Appellants suggest that a “chilling effect” results from a state of law permitting an authority to use an ultimate show of force in determining an alternative arrangement from that originally negotiated.  There is no question that, through the landowners’ eyes, the taking represented an unusual show of force, to which they might be expected to object.  But the taking is no less necessary and justified under the law when it occurs under these circumstances.  

            Appellants state additional arguments that a taking depends on a showing of good cause and that the district court failed to make findings to refute the assertion that the taking was exercised in bad faith.  But Minnesota courts have declined to invalidate takings on the ground of bad faith, viewing this argument through the lens of public purpose and necessity.  See City of Minneapolis v. Wurtele, 291 N.W.2d 386, 390 (Minn. 1980) (discussing concept of bad faith, stating that mere fact that project may benefit private business does not, without more, deprive project of public purpose); Schapiro, 297 Minn. at 108, 210 N.W.2d at 214 (refusing to find bad faith in condemning authority’s decision to include landowners’ property in project when their property was essential for project completion).  And appellants’ argument on good cause merely reiterates the contention that there was no legitimacy in a taking that followed unsuccessful negotiations between the parties. 

Appellants also challenge the use of the quick-take procedure, which is a step in a condemnation proceeding that may be applied when an authority reasonably determines that it needs the property before the commissioners’ award can be filed.  Minn. Stat. § 117.042 (2002); Wurtele, 291 N.W.2d at 396.  They argue that the application of the procedure in this case is in derogation of their leasehold right.  But the evidence shows that this right was encumbered by a pending, serious dispute between the parties concerning payment of property tax, the extent of use of the property, and the terms of the leasehold arrangement.  The district court did not err in using the procedure in this action.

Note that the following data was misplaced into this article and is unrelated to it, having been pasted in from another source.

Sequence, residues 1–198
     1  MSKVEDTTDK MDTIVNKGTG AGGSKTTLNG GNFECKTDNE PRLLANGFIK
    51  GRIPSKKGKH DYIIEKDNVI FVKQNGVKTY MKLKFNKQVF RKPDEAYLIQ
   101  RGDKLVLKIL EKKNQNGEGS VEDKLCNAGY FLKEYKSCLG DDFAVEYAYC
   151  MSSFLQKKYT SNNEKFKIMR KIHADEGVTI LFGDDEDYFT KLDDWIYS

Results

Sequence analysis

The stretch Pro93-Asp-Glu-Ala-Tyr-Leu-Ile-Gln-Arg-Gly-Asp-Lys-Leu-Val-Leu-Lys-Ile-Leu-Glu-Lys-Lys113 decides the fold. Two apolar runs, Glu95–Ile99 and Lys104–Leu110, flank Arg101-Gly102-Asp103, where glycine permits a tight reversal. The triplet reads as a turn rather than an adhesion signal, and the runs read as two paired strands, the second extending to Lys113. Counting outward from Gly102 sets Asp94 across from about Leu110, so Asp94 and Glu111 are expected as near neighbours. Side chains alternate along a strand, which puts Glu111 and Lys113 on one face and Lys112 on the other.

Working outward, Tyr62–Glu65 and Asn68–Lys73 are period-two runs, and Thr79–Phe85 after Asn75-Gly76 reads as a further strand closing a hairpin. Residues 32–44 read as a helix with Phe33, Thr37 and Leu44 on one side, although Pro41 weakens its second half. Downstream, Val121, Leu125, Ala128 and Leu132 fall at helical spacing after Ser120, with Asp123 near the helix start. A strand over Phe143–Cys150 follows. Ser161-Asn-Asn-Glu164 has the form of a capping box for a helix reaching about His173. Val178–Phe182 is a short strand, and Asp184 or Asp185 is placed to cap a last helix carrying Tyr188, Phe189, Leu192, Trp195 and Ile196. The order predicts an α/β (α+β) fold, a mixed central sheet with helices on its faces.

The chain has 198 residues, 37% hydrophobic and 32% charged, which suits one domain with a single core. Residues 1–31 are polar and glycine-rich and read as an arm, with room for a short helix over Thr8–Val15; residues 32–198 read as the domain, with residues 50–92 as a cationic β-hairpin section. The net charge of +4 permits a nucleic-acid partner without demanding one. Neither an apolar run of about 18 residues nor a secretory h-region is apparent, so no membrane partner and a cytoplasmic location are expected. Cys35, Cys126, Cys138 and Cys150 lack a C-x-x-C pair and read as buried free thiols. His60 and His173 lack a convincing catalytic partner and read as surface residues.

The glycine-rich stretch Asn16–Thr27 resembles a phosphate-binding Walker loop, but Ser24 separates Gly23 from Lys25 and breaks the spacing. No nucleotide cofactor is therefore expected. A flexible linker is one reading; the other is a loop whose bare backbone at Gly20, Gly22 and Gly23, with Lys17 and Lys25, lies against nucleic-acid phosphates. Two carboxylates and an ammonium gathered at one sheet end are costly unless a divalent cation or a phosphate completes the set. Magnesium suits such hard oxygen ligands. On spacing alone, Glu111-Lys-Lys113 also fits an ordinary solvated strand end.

Finally, appellants argue that the district court erred in adopting verbatim respondent’s proposed findings and conclusions.  But a trial court’s adoption of proposed findings is not by itself improper so long as those findings are not clearly erroneous.  Sigurdson v. Isanti County, 408 N.W.2d 654, 657 (Minn. App. 1987), review denied (Minn. Aug. 19, 1987).  Our review of the record indicates that the district court’s findings, which reflected an independent consideration of the evidence, were not clearly erroneous.  


* Retired judge of the Minnesota Court of Appeals, serving by appointment pursuant to Minn. Const. art. VI, § 10.

[1] Minn. Stat. § 308A.101 (2002) authorizes the incorporation of cooperatives, such as the power association, and Minn. Stat. § 308A.201, subd. 13 (2002) provides “a cooperative that is engaged in the electrical, heat, light, power, or telephone business may exercise the power of eminent domain . . ..”

[2] Appellants challenge the district court’s specific finding that Cooperative Power Association had a policy to convert leased property to fee ownership, but this finding is adequately supported by an affidavit stating the existence of the policy.  More importantly, the presence or absence of such a policy is immaterial to a determination of need for a particular taking.